The Catholic Church is demanding urgent talks with Perth and Kinross Council after it controversially withdrew voting rights from religious representatives on education committees.
The local authority became the first in Scotland to block church reps from voting on school issues when it made the move last week.
It followed an earlier decision to close Blairingone Primary School, which was swung by the votes of two unelected members of the lifelong learning committee.
Afterwards, the Scottish Government confirmed in a statement to The Courier that while councils were required to appoint religious reps on education committees, their voting rights were “a matter for each local authority”.
Local Roman Catholic representative Margaret MacFarlane missed the Blaringone vote due to illness, but the Church has stressed she would not have voted on the issue in any case.
The Scottish Catholic Education Service said its representatives will only vote on matters that affect Catholic schooling.
The service said the Church now has a diminished say on the future of the region’s four Catholic schools.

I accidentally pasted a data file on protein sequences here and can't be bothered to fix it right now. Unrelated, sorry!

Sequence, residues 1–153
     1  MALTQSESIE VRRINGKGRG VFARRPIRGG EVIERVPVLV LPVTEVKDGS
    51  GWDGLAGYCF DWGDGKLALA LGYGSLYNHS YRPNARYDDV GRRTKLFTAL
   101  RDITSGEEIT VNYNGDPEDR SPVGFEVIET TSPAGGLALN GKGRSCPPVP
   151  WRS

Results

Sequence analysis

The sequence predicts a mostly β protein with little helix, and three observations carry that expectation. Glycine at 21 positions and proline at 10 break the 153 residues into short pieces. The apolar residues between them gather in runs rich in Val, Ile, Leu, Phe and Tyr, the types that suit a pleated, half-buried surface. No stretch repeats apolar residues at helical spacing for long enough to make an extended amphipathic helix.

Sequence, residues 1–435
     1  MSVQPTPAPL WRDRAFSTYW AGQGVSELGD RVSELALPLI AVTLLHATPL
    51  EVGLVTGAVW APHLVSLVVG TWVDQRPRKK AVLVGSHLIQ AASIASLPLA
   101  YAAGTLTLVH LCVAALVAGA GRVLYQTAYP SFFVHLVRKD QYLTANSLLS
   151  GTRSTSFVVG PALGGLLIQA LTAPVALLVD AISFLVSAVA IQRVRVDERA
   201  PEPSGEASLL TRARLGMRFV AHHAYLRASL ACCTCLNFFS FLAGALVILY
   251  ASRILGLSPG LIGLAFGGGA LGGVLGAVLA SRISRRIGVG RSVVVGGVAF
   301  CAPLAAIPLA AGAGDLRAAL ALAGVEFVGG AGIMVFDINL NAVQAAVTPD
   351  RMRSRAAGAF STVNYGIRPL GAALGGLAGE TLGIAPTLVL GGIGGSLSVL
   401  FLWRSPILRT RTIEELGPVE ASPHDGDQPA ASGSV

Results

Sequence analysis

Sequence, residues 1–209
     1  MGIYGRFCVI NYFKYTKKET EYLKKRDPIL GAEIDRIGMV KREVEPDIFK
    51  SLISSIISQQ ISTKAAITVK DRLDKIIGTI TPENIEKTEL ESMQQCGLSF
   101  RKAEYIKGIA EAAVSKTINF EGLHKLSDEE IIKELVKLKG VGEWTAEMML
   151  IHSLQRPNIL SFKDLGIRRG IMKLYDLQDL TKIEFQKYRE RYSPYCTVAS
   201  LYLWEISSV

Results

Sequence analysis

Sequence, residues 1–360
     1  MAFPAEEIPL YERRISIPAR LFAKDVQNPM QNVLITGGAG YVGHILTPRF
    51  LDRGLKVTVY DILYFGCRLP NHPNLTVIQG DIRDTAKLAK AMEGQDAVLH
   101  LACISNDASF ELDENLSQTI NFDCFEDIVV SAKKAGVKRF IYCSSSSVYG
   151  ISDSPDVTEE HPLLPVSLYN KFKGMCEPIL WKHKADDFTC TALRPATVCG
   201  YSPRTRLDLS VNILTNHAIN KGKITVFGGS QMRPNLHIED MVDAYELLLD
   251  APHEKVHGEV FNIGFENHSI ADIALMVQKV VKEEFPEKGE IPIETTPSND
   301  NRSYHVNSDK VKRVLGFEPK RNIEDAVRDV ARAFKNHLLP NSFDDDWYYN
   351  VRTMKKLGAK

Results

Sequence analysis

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Director Barbara Coupar said: “Our Catholic representative wasn’t at the meeting and it is important to note that even if she had been, our representatives do not vote on matters that will not impact on Catholic schools.”
She added: “We believe there was a disproportionate response from the council on this issue and there were better alternatives to resolve the issue.
“The Church representative on the education committee has an invaluable role in articulating the official response of the Catholic Church on these matters.”
Representatives from the Dunkeld Diocese, including Bishop Stephen Robson, have now asked for a meeting with council chiefs.
The motion to prevent unelected members from voting was raised by independent councillor Xander Mcdade.
“This is quite simply a matter of democracy,” he said. “It is my fundamental belief that no one who is unaccountable to the electorate should be able to vote on public policy.”
Councillors voted 21 to 19 against an alternative, wider review of council standing orders.
Following the council’s decision, the Humanist Society Scotland called on other local authorities to follow suit.
The charity called on the Convention of Scottish Local Authorities (Cosla) to “urgently” review the status and power given to religious representatives.